Let’s talk about digital identity with Kristofer von Beetzen, Chief Product Officer at Freja eID.

In episode 55, Oscar speaks to Kristofer about Swedish verified identity provider, Freja eID. They discuss why Freja was created; how it works; where it can be used; how it compares with BankID; how it ties in with European identity schemes; the importance of organisation identity and Freja’s plans for the future.

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“Everything becomes related to your identity as things become digital.”

Kristofer von BeetzenKristofer von Beetzen is the Chief Product Officer at Freja eID. He joined the company in 2012 and was part of the transformation from a technology-centric IT security company to the cloud-based, user-oriented identity service that is offered with Freja eID today. Kristofer previously worked in media production and advertising and studied marketing at the University of Växjö. His interest, aside from bringing Freja to the world, is writing and he has published several books and columns, among them a crime novel and a book on poker strategy.

Find Kristofer on LinkedIn and Twitter @KvonBeetzen.

Find out more about Freja at frejaeid.com.

We’ll be continuing this conversation on Twitter using #LTADI – join us @ubisecure!

 

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Podcast transcript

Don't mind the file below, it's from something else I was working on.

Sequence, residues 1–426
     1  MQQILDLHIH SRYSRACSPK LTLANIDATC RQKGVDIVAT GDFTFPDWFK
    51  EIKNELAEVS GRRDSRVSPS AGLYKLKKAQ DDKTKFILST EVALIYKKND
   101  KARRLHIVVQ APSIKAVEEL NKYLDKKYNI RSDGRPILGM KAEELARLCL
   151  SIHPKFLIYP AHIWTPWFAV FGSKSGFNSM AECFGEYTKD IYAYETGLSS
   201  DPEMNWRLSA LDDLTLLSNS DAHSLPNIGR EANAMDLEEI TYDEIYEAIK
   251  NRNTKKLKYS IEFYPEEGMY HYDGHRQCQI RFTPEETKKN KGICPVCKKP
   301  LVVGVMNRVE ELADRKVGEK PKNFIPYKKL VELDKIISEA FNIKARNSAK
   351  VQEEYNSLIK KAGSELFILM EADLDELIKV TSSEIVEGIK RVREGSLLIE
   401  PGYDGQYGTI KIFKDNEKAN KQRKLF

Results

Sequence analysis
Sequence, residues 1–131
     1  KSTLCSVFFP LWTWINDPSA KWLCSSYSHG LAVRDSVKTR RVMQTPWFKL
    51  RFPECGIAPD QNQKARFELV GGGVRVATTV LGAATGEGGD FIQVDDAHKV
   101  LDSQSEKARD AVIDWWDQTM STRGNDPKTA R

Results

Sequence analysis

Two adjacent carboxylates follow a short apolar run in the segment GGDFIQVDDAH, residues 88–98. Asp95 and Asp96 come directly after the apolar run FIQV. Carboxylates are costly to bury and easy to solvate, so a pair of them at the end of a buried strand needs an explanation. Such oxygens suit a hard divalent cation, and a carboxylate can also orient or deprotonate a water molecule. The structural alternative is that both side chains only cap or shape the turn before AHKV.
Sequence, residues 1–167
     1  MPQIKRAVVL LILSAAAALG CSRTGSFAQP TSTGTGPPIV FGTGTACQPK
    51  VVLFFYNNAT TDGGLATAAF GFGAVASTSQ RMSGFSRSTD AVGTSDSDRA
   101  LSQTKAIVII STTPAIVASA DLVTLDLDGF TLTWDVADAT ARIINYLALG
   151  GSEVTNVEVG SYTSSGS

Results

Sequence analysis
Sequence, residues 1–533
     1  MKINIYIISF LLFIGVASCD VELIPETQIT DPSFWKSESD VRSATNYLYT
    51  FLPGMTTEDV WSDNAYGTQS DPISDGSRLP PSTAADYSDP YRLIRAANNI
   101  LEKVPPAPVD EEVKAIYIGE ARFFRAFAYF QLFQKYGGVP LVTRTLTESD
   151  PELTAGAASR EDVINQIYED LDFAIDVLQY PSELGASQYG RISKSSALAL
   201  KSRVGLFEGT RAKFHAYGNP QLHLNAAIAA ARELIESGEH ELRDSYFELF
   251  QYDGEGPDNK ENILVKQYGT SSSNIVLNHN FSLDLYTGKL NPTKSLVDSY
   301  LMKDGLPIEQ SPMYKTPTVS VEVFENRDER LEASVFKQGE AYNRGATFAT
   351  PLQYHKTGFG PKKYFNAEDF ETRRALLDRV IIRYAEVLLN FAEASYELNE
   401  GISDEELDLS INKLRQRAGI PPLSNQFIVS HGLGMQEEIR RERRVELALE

Let’s Talk About Digital Identity, the podcast connecting identity and business. I am your host, Oscar Santolalla.

Oscar Santolalla: Hello, and thanks for joining for a new episode of Let’s Talk About Digital Identity. As you may have heard before that Sweden is one of the countries that has one of the best electronic identifications in the world. And we are going to hear specifically one of these systems, which is Freja eID.

So our guest today is Kristofer von Beetzen. He is the Chief Product Officer at Freja eID. He joined the company in 2012 and was part of the transformation from a technology-centric IT security company to the cloud-based user-oriented identity service that is offered with Freja eID today. Kristofer was previously working with media production and advertising, and has studied marketing at the University of Vaxjo. His interest aside from bringing Freja to the world is writing, and he has published several books and columns – among them are a crime novel and a book on poker strategy.